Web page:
I would classify this project as a 'Reactive' design becuase of its lack of proactive engagement with the avatar. The house responds to movement, but does not necessarily encourage or discourage behavior of a certain kind. This does not at all detract from the project and I think the addition of this feature might overcomplicate it. The final 4D form is both a combination of the mathematical concept driving the building's kinetic response as well as the intentions of the user. The resultant shifting form of the building is a comination of the purity of mathmatical formula combined with the messy territory of human choice and free will. Truly an exeptional idea and execution of that idea.

There is a great write-up and videos of this project at the following link..

As you can see here, the orientation of the room also shifts with the placement of that room. The result produces some interesting new perspectives on traditional spatial relationships.

Saturday, July 7, 2007

Emergence - Architectural Jazz

Architectural Jazz
crtlshift07 competition entry by Jon Brouchoud (Keystone Bouchard)
One of the first projects I would like to point out is Jon's recent entry on Lebenswelt Island in Second Life. The floating piano keys emit notes as the avatar approaches each individual key. The resultant effect is an architecture which becomes a public instrument played through the movement and behaviors of its inhabitants.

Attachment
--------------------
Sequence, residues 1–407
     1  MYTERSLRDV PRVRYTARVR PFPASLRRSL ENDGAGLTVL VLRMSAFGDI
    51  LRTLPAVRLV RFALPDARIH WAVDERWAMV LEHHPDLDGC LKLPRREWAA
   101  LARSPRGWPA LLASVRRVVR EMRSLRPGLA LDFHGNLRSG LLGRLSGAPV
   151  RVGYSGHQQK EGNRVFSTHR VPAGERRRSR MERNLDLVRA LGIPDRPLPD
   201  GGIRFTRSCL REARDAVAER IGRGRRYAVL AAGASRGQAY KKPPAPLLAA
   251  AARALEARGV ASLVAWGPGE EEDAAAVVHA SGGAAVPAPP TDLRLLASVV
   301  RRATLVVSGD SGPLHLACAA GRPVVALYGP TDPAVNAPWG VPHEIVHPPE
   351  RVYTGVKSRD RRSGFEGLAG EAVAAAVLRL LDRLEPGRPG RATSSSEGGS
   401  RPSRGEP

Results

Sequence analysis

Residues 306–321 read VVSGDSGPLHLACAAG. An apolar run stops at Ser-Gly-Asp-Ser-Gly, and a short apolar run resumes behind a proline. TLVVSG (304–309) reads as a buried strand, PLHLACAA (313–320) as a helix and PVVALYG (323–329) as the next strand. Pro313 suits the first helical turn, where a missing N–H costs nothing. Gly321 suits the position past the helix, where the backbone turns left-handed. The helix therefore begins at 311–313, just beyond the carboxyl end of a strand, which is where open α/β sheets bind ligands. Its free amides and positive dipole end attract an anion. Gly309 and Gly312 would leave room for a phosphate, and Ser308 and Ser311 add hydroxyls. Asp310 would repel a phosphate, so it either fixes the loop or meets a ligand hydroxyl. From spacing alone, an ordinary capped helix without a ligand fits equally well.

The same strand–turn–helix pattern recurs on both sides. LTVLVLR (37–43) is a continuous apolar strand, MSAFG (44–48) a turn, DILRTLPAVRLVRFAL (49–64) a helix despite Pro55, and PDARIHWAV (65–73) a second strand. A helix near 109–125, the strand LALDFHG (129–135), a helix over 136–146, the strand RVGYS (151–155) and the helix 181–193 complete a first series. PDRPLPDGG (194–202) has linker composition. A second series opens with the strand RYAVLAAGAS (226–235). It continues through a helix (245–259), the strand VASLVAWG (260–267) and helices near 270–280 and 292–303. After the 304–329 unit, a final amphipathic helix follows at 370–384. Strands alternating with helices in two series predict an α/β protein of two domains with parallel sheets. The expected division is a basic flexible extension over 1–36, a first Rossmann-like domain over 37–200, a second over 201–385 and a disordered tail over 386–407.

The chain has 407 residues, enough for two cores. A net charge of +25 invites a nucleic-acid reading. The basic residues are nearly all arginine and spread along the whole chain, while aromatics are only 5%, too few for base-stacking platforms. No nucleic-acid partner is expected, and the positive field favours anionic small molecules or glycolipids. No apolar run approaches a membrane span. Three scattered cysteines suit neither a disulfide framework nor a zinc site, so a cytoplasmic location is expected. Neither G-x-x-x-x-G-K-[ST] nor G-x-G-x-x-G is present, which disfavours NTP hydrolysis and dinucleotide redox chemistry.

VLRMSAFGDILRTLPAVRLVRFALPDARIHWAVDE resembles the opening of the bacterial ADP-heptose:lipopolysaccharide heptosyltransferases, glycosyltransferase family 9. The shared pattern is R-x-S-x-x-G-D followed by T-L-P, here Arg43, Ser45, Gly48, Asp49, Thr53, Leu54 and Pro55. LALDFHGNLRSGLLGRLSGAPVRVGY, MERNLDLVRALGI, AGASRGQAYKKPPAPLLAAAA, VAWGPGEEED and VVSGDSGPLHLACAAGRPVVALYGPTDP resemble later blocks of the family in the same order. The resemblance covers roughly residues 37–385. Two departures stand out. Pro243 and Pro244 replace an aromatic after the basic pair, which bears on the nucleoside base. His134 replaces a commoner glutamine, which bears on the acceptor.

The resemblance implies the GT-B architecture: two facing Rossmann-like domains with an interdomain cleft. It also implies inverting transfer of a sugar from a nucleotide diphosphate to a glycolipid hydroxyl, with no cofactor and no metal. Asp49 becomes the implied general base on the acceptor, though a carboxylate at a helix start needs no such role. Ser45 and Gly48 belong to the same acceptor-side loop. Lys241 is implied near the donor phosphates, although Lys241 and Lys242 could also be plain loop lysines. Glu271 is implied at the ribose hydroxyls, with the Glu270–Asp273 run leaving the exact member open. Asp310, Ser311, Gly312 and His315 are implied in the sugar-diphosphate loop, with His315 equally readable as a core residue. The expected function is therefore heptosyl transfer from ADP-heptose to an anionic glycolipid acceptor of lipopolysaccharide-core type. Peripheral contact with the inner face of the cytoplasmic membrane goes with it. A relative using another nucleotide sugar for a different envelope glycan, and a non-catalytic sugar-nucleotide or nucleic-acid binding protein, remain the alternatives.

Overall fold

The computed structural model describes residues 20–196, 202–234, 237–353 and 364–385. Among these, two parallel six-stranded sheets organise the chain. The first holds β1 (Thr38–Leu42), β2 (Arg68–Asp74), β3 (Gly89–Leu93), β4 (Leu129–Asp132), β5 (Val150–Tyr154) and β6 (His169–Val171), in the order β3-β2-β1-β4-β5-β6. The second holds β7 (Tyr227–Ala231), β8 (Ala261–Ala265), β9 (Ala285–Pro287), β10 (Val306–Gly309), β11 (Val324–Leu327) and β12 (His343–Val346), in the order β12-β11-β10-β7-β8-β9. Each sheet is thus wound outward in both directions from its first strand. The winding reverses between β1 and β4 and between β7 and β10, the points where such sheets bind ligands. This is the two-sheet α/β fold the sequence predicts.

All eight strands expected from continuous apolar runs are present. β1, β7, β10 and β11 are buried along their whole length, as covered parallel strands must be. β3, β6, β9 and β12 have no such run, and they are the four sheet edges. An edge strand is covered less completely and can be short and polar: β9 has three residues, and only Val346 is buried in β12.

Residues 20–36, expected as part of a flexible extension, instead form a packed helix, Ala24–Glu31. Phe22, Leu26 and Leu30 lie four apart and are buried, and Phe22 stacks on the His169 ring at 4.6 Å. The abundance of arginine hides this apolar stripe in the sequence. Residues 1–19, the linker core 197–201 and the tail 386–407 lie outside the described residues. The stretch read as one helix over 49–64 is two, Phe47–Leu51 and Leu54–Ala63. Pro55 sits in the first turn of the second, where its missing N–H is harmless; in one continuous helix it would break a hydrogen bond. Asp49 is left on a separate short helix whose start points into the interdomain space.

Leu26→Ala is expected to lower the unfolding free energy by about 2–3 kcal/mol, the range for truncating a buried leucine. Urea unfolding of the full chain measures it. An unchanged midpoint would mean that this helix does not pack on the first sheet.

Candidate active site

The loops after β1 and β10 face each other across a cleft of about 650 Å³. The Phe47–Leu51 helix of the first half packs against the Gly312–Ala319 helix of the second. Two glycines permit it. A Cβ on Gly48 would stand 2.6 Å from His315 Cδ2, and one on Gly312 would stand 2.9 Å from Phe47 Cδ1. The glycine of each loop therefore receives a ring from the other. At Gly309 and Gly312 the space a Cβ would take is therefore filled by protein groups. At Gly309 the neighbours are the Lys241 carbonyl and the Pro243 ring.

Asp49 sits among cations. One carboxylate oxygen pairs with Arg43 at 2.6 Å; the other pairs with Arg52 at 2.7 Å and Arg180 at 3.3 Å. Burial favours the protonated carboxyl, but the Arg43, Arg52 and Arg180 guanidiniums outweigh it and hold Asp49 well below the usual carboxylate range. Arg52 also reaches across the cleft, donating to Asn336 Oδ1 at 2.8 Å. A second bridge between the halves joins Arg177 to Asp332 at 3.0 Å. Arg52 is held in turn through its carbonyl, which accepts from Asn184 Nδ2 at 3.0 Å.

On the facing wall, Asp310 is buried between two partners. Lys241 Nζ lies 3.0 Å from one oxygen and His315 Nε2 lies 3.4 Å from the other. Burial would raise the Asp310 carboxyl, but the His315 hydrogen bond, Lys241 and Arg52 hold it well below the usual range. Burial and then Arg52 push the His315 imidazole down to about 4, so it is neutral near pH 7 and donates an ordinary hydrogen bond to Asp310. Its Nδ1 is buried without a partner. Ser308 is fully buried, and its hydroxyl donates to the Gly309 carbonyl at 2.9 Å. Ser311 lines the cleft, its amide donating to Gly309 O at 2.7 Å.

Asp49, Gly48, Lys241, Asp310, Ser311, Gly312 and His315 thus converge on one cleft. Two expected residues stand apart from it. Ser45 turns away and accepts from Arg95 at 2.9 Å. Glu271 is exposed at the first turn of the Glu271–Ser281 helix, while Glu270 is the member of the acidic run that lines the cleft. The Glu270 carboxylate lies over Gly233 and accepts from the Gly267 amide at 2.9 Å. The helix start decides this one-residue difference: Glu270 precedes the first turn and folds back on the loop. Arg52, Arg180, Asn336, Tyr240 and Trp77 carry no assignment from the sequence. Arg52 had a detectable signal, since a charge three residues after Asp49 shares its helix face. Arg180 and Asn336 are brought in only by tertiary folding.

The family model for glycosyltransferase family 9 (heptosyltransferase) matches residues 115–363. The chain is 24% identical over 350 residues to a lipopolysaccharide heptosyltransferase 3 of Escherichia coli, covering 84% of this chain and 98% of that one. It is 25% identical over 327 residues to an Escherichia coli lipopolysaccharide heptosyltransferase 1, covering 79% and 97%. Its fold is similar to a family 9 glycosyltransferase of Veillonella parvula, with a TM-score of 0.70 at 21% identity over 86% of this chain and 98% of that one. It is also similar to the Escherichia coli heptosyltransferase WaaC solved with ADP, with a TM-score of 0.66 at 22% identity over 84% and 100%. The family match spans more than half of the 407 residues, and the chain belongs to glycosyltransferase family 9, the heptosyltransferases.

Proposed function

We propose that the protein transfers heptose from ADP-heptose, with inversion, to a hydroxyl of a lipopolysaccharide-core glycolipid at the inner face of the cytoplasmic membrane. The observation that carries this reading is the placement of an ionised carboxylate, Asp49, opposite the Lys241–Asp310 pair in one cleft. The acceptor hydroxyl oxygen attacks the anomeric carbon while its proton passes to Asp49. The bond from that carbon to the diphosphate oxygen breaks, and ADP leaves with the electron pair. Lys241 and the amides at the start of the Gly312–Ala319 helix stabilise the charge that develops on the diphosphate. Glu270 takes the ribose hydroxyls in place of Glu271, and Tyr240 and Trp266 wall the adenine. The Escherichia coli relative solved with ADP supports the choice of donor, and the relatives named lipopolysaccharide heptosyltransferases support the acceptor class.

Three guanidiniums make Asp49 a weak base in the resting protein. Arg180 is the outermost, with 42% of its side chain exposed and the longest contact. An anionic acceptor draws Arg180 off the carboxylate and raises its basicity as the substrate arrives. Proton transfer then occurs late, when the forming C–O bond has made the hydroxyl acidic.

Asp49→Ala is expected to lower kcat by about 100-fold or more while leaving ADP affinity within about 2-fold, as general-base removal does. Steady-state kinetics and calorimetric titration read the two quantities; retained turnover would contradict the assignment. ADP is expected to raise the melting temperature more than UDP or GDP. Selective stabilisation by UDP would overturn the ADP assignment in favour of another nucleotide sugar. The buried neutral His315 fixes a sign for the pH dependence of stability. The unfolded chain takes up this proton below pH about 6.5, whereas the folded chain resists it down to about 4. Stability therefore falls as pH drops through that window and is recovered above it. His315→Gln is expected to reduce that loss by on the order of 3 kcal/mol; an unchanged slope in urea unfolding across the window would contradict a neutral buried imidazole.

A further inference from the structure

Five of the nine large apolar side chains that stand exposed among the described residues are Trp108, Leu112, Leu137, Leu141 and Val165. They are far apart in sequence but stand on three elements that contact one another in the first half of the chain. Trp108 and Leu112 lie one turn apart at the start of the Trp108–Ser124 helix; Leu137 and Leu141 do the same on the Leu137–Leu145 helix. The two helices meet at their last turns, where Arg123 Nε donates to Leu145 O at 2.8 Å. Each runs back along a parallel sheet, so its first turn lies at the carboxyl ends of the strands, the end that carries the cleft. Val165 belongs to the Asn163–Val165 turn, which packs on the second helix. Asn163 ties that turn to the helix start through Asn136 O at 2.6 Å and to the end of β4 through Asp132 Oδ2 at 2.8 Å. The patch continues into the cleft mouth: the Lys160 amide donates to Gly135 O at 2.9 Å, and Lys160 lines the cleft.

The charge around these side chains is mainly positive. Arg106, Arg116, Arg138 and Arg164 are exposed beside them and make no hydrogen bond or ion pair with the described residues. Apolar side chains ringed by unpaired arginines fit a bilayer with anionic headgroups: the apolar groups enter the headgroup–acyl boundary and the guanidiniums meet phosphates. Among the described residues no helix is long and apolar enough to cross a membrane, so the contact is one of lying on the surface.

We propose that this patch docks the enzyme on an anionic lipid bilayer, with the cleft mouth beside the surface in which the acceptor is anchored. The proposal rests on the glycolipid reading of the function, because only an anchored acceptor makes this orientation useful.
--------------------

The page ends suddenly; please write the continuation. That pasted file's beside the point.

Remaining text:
This is an excellent demonstration of the idea of interactive emergence. Emergence within an interactive architectural context is loosely defined as unpredictable properties which emerge through the discreet interaction of individuals within a responsive environment. A characteristic of emergent properties is the inability to predict the outcome or patterns that emerge from those interactions. Individuals act as the autonoma operating under their own individual behaviors. Stephan Wolfram describes this in his work with digital cellular autonoma.

With regard to the virtual piano, the resultant musical piece created by the group cannot be predicted although general rule sets may be observed. For example, we might see that a smaller percentage of people are willing to fly to the top of the piece which might limit a set of notes that might be played. Emergent patterns may best be thought of as visualized or manifested probabilities of the behavior of the participants.

Jon has also engaged another important aspect of interactive works which comes in the form of The Game. A recent GameSetandMatch II conference (hosted by Kas Oosterhuis) recently accepted and published tens of interactive architectural projects that focused on architecture as a 'game' where occupants become participants in the architecture forming a behavioral dynamic between the two. This is generally enabled by digital technologies and through ubiquitous computing practices, but Second Life provides the benefit of being able to script directly into objects. By allowing the participants to freely explore the piano, they can begin to form their own rules for the game based upon their growing experience with the environment. For example, one avatar might concentrate on a favorite note as their personal contribution to the overall orchestration. As the game advances and the players' skill level increases, the game becomes more complex enabled by the growing experience of the participants.